The plaintiffs argue that veterans seeking disability benefits for combat-related PTSD do not have to provide evidence other than their own statements and a mental health professional’s review linking their illness to military service.
“It’s just a broken policy. So veterans experience betrayal from the sexual assault, from the way they are treated by their units after the assault, and then by the VA when they file claims,” said Bhagwati, a former captain in the Marine Corps. “The VA became the last place, after a long line of places, where any hope they had left of getting help just dies.”
VA officials would not comment on the pending ligation.
Former Army private first class Katie Weber said she was raped by another soldier when she was 18 while posted in Nuremberg, Germany. She tried to report the attack but was told, “in the same breath,” that it didn’t really happen and that she was not to tell anyone about it, Weber said. “When I told another official,” she recalled, “they said I was ‘jumping the chain of command’ and that I was probably ‘just really confused and a little slut.’ ”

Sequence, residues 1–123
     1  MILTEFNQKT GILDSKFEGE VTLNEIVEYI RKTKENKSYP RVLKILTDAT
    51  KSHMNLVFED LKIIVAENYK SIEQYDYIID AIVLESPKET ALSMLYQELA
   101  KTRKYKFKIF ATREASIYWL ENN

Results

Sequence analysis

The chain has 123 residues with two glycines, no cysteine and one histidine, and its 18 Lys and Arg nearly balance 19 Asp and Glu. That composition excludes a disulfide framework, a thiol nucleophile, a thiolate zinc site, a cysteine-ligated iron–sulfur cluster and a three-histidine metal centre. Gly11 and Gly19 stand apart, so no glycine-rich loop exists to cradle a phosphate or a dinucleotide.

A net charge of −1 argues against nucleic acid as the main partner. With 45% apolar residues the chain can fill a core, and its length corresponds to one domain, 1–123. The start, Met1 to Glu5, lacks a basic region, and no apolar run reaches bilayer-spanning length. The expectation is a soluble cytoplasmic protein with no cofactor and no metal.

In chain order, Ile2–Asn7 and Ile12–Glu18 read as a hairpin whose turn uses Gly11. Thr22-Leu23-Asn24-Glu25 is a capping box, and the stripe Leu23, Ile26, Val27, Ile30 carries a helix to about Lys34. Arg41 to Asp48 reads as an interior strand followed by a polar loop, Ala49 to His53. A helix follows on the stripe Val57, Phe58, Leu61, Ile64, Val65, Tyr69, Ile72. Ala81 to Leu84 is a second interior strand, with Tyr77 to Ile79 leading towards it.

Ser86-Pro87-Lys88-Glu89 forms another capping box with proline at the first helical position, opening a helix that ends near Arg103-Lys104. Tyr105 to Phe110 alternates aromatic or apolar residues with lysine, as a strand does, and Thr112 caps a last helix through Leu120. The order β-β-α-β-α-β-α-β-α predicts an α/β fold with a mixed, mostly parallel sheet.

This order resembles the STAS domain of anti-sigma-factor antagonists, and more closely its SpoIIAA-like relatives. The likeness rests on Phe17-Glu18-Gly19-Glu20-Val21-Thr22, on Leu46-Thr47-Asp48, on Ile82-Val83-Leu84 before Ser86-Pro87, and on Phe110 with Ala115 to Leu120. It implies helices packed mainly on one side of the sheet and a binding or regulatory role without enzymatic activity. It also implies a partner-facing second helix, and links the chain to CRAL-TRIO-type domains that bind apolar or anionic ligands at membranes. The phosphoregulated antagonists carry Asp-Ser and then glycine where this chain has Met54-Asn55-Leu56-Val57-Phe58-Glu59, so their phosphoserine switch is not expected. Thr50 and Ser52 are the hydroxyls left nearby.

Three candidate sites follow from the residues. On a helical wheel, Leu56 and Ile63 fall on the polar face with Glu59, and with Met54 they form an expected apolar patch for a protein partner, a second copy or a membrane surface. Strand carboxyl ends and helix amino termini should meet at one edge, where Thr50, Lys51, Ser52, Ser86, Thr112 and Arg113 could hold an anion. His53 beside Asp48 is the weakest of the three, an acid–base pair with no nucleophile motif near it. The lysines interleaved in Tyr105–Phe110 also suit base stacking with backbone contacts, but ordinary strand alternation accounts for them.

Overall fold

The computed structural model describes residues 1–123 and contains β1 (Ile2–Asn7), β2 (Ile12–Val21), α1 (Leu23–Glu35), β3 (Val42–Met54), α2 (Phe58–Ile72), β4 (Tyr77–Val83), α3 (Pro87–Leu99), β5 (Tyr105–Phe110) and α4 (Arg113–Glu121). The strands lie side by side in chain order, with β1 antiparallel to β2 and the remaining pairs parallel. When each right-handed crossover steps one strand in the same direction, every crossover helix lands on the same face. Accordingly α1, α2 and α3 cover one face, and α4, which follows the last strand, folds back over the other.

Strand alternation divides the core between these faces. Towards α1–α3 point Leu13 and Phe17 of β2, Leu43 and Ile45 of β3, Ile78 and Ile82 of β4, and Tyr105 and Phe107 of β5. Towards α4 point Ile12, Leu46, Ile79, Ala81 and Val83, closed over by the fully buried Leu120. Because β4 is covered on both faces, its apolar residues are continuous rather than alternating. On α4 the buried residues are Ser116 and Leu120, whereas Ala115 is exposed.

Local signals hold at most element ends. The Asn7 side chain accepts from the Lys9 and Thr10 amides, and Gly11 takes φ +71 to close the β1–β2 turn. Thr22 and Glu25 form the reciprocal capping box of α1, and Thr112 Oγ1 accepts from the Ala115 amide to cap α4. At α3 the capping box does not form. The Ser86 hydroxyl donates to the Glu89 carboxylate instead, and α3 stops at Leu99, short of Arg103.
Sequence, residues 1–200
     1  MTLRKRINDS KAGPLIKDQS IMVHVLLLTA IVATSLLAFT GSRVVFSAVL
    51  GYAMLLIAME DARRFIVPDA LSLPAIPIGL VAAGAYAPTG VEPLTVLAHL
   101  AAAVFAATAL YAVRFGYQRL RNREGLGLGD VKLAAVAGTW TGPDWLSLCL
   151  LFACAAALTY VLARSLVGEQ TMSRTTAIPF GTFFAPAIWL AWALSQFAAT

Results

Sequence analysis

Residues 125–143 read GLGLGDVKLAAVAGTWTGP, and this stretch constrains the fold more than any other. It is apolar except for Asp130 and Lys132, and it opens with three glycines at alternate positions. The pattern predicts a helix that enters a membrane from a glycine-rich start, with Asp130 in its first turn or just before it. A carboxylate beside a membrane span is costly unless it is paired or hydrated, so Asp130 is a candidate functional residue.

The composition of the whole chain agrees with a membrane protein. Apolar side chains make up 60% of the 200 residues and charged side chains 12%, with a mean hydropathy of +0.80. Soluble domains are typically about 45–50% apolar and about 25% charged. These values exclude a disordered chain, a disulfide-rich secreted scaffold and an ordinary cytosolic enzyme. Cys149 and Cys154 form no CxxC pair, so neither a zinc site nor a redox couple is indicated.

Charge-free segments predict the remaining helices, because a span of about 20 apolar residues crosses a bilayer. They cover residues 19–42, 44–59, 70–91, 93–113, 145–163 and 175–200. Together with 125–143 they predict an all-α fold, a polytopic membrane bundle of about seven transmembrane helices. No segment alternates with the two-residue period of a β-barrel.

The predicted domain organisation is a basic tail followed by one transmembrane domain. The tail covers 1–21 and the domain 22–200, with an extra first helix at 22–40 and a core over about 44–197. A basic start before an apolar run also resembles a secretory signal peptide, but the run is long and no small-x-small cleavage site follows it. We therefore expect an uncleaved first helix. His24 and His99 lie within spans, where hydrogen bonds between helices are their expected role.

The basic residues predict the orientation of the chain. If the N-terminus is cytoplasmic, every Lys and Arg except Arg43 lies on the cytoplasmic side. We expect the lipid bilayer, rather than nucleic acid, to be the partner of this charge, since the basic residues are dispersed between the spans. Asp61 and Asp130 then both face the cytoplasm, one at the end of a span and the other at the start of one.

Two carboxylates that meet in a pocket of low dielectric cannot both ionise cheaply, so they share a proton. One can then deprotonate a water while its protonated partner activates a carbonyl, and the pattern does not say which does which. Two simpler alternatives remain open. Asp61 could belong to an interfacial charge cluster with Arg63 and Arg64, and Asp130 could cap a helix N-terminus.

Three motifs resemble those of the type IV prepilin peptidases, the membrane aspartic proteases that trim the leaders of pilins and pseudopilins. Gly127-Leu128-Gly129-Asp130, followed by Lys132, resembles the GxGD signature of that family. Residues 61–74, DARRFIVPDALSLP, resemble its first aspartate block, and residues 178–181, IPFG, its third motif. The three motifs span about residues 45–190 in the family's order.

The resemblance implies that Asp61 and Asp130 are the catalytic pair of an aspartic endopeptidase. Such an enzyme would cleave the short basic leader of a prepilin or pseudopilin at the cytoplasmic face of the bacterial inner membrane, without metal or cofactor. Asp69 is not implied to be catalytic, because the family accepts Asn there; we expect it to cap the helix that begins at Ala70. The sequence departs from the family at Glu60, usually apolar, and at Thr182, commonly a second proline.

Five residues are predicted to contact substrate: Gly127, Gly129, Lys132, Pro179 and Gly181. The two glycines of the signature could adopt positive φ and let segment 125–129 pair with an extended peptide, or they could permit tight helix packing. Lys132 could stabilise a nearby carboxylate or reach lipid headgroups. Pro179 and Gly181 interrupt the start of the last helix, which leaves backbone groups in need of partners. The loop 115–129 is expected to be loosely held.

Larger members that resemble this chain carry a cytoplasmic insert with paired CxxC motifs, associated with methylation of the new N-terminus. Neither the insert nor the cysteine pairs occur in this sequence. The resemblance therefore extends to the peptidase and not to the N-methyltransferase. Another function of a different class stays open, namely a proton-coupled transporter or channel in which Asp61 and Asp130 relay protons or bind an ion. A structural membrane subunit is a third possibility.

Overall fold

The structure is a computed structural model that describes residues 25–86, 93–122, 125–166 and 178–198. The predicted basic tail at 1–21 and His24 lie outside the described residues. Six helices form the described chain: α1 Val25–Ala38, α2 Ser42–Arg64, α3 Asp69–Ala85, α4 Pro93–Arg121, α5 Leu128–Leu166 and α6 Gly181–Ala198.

When she went home, she discovered that there was a severe lack of suitable medical and mental health services at the department and little understanding of how sexual trauma can cause PTSD. So Weber started a Facebook group called “Women Veterans for Equality in our VA System” to advocate for the interests of those who suffered sexual trauma in the military.
“We were really isolated,” said Weber, now 40 and living in California. “So enter Facebook.”
It was her encouragement and the Facebook group that ultimately persuaded a weary Giordano to resume her fight for benefits.
Giordano said she got “the letter” in late November, saying she would, indeed, be getting compensation benefits.
“I may never understand why they changed their mind and finally believed me,” she said. “But I am glad they did. That’s my hope for justice and dignity for all of the other women who have suffered this. ”